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Is the Government Gagging BC's Drug Safety Scientists?

We have one of the best drug safety programs in the world. It tracks all prescription use in the province and saves us $500 million a year. Yet the B.C. Liberals have halted access to its research and fired eight of its watchdogs. Did PharmaNet do its research too well?
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Ron Mattson
Last September, the Ministry of Health fired Victoria's Ron Mattson, alleging that he, a project manager with the Pharmaceutical Services Division, improperly distributed patient data Carlo Ricci
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We have one of the best drug safety programs in the world. It tracks all prescription use in the province and saves us $500 million a year. Yet the B.C. Liberals have halted access to its research and fired eight of its watchdogs. Did PharmaNet do its research too well?

After half a lifetime working for the B.C. Ministry of Health, Ron Mattson, 59, was invited into his boss's office, fired, and escorted out of the building.

He's seldom had a full night's sleep since that morning last September, and he remains unsure why he was fired from his job managing pharmaceutical data and research from the provincial government's PharmaNet database. According to government investigators, he failed to protect the confidentiality of a specific set of records, but the data in question was anonymous and never even left his office, says Mattson, who is suing the government for wrongful dismissal and defamation of character.

Dr. Malcolm Maclure was sacked by the ministry in similar fashion. After two decades of award-winning scientific work for the ministry, Maclure, 60, who trained at Oxford and Harvard and holds UBC's prestigious chair in patient safety, received a phone call while overseas last summer informing him the ministry had removed him from his duties supervising research using PharmaNet data. The news seemed "difficult to believe," he recalls. But sure enough, his BlackBerry account was terminated, and a couple of days later his wife's email chimed with confirmation that he was amongst a group of alleged drug data violators purged while under investigation. Like Mattson, Maclure describes the charges against him as "vague." He has also sued the government for wrongful dismissal and defamation of character.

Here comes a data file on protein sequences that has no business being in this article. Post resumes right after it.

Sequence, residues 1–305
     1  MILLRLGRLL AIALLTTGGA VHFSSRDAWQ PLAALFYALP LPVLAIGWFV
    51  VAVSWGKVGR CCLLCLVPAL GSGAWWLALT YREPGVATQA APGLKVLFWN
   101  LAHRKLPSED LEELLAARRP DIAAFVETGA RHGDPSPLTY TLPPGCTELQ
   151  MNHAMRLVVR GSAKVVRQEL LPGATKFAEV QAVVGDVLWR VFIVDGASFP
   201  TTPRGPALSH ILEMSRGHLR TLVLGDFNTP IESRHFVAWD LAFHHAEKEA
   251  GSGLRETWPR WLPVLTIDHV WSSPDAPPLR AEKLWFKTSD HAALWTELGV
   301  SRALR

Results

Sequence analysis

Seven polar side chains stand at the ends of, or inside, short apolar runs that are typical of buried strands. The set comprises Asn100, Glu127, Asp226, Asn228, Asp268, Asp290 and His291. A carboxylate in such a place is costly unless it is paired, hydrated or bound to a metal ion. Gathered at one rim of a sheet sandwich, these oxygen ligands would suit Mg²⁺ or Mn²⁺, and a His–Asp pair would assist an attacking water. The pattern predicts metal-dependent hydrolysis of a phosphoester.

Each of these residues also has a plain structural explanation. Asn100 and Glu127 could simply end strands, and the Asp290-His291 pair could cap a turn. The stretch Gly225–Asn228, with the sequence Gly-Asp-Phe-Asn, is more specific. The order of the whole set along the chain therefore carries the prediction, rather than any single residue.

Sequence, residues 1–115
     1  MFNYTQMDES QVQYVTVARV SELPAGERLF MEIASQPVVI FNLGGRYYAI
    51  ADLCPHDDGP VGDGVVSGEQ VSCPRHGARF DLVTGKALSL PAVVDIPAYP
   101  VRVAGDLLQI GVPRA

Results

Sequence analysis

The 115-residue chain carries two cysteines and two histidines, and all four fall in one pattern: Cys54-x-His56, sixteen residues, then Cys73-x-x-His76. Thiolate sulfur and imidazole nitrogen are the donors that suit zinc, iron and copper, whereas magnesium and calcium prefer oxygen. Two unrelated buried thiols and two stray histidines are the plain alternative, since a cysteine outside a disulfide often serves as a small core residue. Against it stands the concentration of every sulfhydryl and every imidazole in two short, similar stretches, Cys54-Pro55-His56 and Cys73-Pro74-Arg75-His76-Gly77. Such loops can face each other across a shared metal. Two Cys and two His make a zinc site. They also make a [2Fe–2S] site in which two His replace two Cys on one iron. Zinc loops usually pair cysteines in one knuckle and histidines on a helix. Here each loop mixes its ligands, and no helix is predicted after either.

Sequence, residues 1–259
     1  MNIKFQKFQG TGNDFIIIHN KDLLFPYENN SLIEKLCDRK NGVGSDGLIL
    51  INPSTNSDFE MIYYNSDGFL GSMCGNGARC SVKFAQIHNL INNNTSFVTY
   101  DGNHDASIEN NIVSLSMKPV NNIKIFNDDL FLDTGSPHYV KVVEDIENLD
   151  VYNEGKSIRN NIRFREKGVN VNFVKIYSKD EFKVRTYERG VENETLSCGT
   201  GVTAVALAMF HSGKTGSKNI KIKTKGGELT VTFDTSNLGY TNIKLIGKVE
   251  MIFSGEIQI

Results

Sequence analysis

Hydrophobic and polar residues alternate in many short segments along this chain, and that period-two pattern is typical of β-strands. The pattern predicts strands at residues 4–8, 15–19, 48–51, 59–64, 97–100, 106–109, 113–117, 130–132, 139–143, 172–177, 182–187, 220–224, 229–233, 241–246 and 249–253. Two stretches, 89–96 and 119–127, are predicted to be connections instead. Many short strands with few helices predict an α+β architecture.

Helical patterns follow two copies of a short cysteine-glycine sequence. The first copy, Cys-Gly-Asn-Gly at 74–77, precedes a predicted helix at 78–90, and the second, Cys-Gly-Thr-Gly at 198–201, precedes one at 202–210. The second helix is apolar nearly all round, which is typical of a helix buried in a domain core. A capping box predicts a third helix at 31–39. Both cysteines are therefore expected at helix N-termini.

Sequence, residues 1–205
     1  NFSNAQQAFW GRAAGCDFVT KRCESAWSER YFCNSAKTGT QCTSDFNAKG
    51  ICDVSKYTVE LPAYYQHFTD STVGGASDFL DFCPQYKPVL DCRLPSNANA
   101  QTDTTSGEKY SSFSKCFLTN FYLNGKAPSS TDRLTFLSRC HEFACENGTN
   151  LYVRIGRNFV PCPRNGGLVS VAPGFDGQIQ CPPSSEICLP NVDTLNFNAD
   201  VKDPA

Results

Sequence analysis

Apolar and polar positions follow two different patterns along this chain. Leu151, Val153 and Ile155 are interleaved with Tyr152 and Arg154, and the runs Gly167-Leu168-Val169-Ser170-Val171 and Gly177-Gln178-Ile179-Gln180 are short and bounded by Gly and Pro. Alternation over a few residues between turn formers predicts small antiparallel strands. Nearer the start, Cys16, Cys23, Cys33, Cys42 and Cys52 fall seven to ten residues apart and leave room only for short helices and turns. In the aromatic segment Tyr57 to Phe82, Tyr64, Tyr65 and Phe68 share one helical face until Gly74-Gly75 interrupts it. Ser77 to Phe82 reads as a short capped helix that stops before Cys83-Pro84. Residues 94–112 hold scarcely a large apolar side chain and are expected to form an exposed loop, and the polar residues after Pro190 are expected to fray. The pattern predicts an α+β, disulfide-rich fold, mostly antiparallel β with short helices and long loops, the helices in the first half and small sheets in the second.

Dr. Bill Warburton, too, was fired in much the same way. An economist who used PharmaNet data to investigate the cost effectiveness of various pharmaceuticals commonly prescribed within B.C.'s billion-dollar government-funded drug plan, Warburton saw his contract terminated with scant explanation. Soon afterward, his wife, Dr. Rebecca Warburton-a University of Victoria health economist who, with Maclure, directed pharmaceutical research for the ministry-was fired, as were four others inside the government with access to drug data: Bob Hart, David Scott, Ramsay Hamdi, and Roderick MacIsaac. Rebecca Warburton is preparing to sue the government for abusing her reputation and inflicting pain on her family. Mac­Isaac, a researcher evaluating the safety and effectiveness of B.C.'s stop-smoking program, committed suicide in January.

"We figured that someone in the ministry got their wires crossed," Bill Warburton says about what started as an obscure misunderstanding but has ignited into a threat to province-wide medical safety. But after eight months of growing financial and emotional distress, he now believes he and his wife are ensnared in something far larger than a petty squabble over data management.

Alan Cassels, a UVic pharmaceutical policy analyst, sees distressing implications in the firings. "Most of the enterprise of drug policy research has ground to a halt in B.C.," he says. "Many of the research leaders within the government are gone." The affected scientists were all closely involved in staging major studies of physician prescribing practices, and the safety of a wide array of drugs, he notes. MacIsaac's work, for example, was to assess smoking cessation drugs including Champix, which PharmaCare began paying for in September 2011. Warburton was investigating antipsychotic drugs that are often used with little medical supervision in old folks' homes and are attracting increasing scrutiny. Mattson and Maclure were deeply involved with a major study of Alzheimer drugs that PharmaCare is funding pending the studies' outcome. Maclure was also investigating whether physician prescribing patterns are influenced by drug companies: in recent scientific publications he has probed the medical basis for the vast sums spent by the B.C. government and B.C. patients on drugs prescribed for diabetes, depression, and respiratory disease.

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